Regenerative Medicines: FDA Finalizes Guidance on Expedited Programs

Regulatory NewsRegulatory News | 18 February 2019 |  By 

With almost 80 regenerative medicine advanced therapy (RMAT) designation requests in 2017 and 2018, it’s clear that the US Food and Drug Administration’s (FDA) Center for Biologics Evaluation and Research (CBER) has been busy with RMATs, though only on Friday did the agency finalize guidance from 2017 on the designation.

Advantages of the RMAT designation, according to the guidance, include all the benefits of the fast track and breakthrough therapy designation programs (sponsors may apply for and receive more than one designation for a given product), including early interactions with FDA. Although, as opposed to breakthrough therapy, the RMAT designation “does not require evidence to indicate that the drug may offer a substantial improvement over available therapies,” the guidance explains.

FDA spells out precisely what constitutes a therapy that could qualify for an RMAT designation, which includes cell therapies, therapeutic tissue engineering products, human cell and tissue products and combination products using such therapies.

As far as what would constitute the necessary evidence to win an RMAT, FDA says that in some instances, clinical evidence obtained from clinical investigations with appropriately chosen historical controls “may provide sufficient preliminary clinical evidence of the potential to address an unmet medical need. In other cases, preliminary clinical evidence could come from well-designed retrospective studies or clinical case series that provide data systematically collected by treating physicians. Such clinical evidence may be from studies conducted outside of the US,” the agency notes.

CBER also offered the following as hypothetical examples of preliminary clinical evidence sufficient to demonstrate a product has the potential to address unmet medical needs in those with a serious condition:
  • “In a single-arm, open-label study conducted in a center treating patients with severe and extensive skin burns, use of allogeneic keratinocyte- and fibroblast-based cell therapy is associated with rapid and substantial wound re-epithelialization of deep partial thickness burns in the majority of treated wounds.
  • In a phase 2, dose-finding study, intra-myocardial administration of allogeneic human mesenchymal precursor cells to patients with advanced chronic heart failure refractory to available medical therapies is associated with dose-dependent improvement in several physiological measurements of left ventricular performance.”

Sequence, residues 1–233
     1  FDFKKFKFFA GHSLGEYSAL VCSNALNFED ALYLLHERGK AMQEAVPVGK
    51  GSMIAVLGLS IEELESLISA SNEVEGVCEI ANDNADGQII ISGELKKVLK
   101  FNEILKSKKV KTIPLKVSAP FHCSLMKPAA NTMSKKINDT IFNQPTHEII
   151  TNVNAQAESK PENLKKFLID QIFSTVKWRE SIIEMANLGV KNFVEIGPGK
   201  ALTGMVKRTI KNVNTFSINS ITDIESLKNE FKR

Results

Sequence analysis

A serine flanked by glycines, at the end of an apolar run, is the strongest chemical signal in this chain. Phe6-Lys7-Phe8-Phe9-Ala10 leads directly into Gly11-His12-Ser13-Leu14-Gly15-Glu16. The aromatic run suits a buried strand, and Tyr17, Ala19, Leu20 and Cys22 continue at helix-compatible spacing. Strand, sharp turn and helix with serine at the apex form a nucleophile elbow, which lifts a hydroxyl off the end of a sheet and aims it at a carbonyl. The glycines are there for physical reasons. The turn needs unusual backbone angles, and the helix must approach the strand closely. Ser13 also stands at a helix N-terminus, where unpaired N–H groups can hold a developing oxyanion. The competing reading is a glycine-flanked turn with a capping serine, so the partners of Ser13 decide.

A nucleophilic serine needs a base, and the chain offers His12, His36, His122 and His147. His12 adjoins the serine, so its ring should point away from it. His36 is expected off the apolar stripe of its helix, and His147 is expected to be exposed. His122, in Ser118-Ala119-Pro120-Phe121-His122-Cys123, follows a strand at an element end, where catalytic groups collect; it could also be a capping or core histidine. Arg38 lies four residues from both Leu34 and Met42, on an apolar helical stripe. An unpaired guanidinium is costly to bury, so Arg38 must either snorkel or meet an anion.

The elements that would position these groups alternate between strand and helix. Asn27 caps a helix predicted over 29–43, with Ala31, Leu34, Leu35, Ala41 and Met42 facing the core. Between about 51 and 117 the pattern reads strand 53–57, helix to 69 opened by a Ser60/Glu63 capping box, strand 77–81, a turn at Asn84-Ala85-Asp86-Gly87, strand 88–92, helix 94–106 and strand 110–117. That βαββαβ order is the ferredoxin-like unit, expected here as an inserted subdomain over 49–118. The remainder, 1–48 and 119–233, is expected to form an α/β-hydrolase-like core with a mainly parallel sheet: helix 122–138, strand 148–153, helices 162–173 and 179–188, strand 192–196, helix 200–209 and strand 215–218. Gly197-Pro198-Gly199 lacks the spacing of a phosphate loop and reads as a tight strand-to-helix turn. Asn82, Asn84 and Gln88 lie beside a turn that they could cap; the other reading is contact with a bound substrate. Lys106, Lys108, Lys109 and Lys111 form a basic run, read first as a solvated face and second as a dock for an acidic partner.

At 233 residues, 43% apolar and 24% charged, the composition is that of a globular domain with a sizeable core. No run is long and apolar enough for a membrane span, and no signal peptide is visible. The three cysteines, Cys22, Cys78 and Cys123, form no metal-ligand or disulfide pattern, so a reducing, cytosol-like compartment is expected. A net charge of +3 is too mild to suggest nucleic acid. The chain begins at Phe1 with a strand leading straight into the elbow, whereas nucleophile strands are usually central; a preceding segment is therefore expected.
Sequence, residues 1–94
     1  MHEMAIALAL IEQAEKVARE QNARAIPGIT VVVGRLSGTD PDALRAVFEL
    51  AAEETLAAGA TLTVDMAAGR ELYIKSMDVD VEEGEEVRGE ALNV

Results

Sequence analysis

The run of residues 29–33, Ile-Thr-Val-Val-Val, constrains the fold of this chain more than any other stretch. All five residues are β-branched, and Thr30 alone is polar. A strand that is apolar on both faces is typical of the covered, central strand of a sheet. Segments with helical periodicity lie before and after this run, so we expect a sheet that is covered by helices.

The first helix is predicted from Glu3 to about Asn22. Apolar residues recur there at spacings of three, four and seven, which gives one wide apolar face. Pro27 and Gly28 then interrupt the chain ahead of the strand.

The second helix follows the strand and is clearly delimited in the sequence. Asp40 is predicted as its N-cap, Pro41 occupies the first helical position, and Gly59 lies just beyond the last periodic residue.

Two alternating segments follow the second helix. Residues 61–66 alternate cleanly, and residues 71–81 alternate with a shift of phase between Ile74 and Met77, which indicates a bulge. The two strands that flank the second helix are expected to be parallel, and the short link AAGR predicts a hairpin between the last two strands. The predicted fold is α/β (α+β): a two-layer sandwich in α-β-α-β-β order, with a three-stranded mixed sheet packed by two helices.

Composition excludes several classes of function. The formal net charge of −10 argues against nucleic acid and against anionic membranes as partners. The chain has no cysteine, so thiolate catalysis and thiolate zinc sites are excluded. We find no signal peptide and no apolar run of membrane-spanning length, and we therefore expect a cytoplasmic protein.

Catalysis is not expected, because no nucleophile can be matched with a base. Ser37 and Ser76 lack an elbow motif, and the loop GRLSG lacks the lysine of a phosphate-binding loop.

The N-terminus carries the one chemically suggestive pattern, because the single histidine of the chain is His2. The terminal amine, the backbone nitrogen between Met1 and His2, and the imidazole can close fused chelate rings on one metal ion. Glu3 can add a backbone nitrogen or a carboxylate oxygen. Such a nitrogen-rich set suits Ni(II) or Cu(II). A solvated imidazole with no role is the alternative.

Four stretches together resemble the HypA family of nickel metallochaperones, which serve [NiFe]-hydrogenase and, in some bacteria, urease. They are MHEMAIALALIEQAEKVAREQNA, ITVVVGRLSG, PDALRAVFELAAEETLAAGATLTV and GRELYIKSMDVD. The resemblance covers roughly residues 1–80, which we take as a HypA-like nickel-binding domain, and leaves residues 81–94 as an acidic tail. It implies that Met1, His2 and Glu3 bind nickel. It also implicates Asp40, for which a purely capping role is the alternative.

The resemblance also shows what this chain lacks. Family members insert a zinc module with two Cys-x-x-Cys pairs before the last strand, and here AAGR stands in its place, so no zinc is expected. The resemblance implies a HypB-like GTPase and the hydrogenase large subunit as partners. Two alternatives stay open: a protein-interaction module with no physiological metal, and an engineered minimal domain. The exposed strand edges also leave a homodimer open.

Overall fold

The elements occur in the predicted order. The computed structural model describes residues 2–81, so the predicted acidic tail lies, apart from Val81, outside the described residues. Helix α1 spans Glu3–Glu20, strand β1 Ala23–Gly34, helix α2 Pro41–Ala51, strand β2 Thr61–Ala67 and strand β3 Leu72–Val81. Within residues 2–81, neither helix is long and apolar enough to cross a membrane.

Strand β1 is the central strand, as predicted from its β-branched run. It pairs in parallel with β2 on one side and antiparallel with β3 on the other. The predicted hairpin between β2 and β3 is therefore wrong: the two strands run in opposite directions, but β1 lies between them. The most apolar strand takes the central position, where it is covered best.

In addition to noting that it will review preliminary clinical evidence in each request and make designation decisions on a case-by-case basis, CBER said it intends to consider certain factors, including but not limited to: “the rigor of data collection; the consistency and persuasiveness of the outcomes; the number of patients or subjects, and the number of sites, contributing to the data; and the severity, rarity, or prevalence of the condition. In addition, CBER intends to consider the potential that bias (e.g., bias in the study design, treatment assignment, or outcome assessment) may be a factor in the evidence provided in support of RMAT designation.”

As far as changes between the draft and final version, FDA said it “received several comments on the draft guidance and those comments were considered as the guidance was finalized. In addition, editorial changes were made to improve clarity.”
In addition to the RMAT guidance, FDA also finalized a second guidance on Friday dealing with a wide range of devices that may be used in conjunction with an RMAT.

For example, the devices can be simple, low-risk devices, such as a manual surgical instrument (e.g., scalpel) for recovering cells and tissue, or complex, higher-risk devices, such as an automated cell collection system that selects and processes specific cells intended for immediate return to the patient. Additionally, devices can be constituent parts of an RMAT that is a combination product.

The 11-page guidance spells out the least burdensome principles, the available premarket pathways (510(k), De Novo, Premarket Approval Application and Humanitarian Device Exemption) and when a device and RMAT may be considered a combination product.

The guidance also discusses factors to consider when a device may be intended for use with a particular type of cell-based RMAT or with more than one type of cell-based RMAT.

Cumulative CBER Regenerative Medicine Advanced Therapy (RMAT) Designation Requests Received by Fiscal Year

Expedited Programs for Regenerative Medicine Therapies for Serious Conditions

Evaluation of Devices Used with Regenerative Medicine Advanced Therapies


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